My mistake. One paragraph. The background stuff does not need to be shovelled in at the front of the book. I don’t care about the conventions of Gothic literature, it’s still perfectly possible to have the intensity and fragility and all the other hideous narrative tropes without subjecting your readers to an uphill slog through endless LISTS OF BOOKS before anything actually fucking happens.


Brick Bin: any piece of media where the dialogue is so heavily composed of cliches from other media that it is as if instead of writing a script they just jotted down a cliche onto a brick for several bricks, and hurled them at a wastepaper bin, with the idea that any brick that goes in the bin goes in the script.

Afternote: I see Mr Virga has a website and therefore possibly an internet presence? Dear sir, if you have come across this liveblog just dismiss it as the bitter ramblings of someone who clearly isn’t refined enough to appreciate the genre, and don’t let it spoil your day.

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100 Works of Art: (Audio) 1812, Tchaikovsky

The 100 Works of Art series of blog posts is a primarily positive slew of posts blethering in a hopefully intelligent manner about works of art which have some sort of personal resonance for me; 25 posts about visual art begin with Black Virtue by Matta, and the ongoing section on audio art opens with The Cure’s Let’s Go To Bed.

32. 1812, Tchaikovsky

Unlike most of the music included on this list, I have no memory of the first time I was introduced to this. It would be impossible to separate out a moment when I first became aware because Western culture is fairly heavily steeped in this piece of music. It has soundtracked endless films and adverts for Iceland, accompanied a thousand fireworks displays, and probably nauseates real connoisseurs of various periods of classical music with its inappropriate ubiquity. Certainly the relentless inevitability with which it is spooled out to provide a false sense of celebration can leave a sour taste in the mouth.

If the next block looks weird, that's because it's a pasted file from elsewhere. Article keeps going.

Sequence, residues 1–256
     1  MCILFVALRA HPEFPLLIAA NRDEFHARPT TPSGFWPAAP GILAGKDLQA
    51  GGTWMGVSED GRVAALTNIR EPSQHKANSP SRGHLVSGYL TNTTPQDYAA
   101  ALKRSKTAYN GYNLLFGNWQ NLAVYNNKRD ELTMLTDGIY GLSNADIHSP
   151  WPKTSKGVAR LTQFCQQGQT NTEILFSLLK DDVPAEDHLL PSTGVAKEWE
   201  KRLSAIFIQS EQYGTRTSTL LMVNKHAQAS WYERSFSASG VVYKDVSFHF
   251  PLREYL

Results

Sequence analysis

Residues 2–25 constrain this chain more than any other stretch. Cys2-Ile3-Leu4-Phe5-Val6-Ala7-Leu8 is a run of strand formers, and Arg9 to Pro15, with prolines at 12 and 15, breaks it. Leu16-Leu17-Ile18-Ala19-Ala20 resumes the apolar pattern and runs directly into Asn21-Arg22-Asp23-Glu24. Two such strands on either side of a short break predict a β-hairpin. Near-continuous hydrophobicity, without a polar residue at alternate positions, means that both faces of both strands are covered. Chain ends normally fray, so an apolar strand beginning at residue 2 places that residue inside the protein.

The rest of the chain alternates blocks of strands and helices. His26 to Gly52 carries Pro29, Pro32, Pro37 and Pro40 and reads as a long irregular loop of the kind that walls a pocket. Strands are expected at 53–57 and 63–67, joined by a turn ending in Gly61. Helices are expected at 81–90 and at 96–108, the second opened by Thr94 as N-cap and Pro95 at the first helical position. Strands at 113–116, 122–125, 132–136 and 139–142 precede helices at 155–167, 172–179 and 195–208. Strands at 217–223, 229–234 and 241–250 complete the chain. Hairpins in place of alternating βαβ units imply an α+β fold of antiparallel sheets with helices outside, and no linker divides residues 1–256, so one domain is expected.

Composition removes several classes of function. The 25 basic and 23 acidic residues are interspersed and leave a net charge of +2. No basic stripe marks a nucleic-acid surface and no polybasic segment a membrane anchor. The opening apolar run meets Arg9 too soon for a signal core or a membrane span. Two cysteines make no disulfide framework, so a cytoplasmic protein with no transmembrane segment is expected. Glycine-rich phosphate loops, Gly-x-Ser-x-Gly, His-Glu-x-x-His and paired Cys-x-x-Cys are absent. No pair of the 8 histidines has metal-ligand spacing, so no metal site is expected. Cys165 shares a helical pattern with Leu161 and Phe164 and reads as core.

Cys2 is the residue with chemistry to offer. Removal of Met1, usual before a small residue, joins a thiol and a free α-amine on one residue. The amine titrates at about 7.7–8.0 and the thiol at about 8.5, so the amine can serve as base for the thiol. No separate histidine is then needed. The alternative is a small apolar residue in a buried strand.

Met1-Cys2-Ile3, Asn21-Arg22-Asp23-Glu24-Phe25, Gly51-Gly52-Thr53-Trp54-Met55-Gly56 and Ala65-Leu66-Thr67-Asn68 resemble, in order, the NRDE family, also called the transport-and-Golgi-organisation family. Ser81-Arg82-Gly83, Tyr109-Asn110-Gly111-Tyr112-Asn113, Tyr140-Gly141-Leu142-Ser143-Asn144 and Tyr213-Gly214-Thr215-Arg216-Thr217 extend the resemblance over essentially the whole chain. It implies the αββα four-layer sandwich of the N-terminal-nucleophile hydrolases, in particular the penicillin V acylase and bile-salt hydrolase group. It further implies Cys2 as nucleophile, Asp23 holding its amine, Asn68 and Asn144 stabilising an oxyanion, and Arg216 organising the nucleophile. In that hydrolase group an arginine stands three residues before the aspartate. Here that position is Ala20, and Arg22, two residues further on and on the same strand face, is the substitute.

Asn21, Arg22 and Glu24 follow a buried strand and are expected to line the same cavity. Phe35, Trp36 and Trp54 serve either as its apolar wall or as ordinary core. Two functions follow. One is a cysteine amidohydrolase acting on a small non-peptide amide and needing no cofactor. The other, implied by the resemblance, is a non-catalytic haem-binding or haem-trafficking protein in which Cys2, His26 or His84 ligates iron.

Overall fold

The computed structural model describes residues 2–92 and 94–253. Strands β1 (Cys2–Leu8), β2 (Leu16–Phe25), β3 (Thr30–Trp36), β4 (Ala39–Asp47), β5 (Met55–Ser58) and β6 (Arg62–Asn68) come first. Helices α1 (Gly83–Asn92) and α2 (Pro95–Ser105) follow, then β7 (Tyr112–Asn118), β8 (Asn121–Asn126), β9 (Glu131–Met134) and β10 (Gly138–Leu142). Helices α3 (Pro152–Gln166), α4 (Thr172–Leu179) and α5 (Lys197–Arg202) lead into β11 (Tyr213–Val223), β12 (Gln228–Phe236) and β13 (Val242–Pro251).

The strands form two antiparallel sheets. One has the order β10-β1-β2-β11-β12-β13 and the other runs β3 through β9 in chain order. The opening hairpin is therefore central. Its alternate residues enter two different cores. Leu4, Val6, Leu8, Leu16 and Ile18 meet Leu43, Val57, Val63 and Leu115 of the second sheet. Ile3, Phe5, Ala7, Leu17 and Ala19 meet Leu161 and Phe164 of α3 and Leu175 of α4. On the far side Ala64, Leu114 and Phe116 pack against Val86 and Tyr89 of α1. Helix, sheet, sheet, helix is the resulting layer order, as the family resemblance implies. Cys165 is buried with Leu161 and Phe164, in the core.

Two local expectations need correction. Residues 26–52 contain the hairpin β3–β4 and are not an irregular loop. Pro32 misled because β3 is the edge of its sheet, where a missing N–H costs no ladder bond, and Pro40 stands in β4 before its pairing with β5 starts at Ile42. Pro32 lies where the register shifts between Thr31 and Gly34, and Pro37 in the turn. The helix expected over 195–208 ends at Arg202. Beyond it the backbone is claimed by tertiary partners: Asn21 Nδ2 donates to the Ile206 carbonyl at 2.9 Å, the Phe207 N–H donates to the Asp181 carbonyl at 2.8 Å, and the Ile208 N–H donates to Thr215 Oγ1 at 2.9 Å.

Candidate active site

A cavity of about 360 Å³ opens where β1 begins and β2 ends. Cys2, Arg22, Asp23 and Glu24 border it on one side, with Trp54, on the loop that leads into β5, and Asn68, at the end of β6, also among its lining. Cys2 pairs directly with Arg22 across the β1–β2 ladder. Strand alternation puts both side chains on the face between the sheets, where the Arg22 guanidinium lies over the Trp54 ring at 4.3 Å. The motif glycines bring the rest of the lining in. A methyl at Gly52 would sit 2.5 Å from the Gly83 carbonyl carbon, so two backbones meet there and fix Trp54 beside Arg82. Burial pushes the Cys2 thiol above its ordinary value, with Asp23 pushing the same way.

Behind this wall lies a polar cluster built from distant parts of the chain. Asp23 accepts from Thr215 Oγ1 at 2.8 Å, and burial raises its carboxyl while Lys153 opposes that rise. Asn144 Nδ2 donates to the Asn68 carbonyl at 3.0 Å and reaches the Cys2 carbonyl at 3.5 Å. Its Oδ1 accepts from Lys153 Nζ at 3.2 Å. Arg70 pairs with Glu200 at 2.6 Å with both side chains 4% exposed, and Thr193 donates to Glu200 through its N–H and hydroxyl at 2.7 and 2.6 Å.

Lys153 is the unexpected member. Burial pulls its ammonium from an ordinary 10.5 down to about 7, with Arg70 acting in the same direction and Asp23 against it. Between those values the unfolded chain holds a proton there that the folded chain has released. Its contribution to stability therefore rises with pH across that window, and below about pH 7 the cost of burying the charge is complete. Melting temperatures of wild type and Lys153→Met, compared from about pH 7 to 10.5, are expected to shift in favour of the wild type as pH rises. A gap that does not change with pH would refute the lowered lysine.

But it doesn’t have to be a degraded version, or a sad attempt at emotional manipulation through invoking the associated sense of victory and achievement. Listened to outside of the context of Bonfire Night, bad films, and the inexplicably popular frozen food giant’s old ads (what is a prawn ring and more importantly why is a prawn ring?), I think the overture retains its original fire.

There is also something to be said for any piece of music which, rather than relying on an excellent performance by an above-average individual (thank you Mozart for whatever the harpsichord equivalent of fretwanking is), decides to go balls out and hit you with cannons.

Written by Tchaikovsky (not that one, the other one) in 1880 to commemorate the victory of Russia against the invasion by Napoleon’s troops (no mean feat considering how much of the rest of Europe the mad little Corsican had successfully vanquished), the 1812 Overture or Overture of 1812 or whatever you like to call it is rightfully celebratory, victorious, triumphal, and full of fucking cannons. It evokes the spirit of relief and strength, and if there is one thing Russian composers love, it’s evoking strength: those two emotions, connected irrecoverably to the successful defence of the frozen motherland, are easily hijacked into daily victories:

Play it when you’re approaching the final word count of your essay; play it when you’re getting to the top of a hill on a long run; play it when, against all the odds, you have successfully tidied your hell-hole bedroom and found no dead animals under the mounds of mouldering clothing.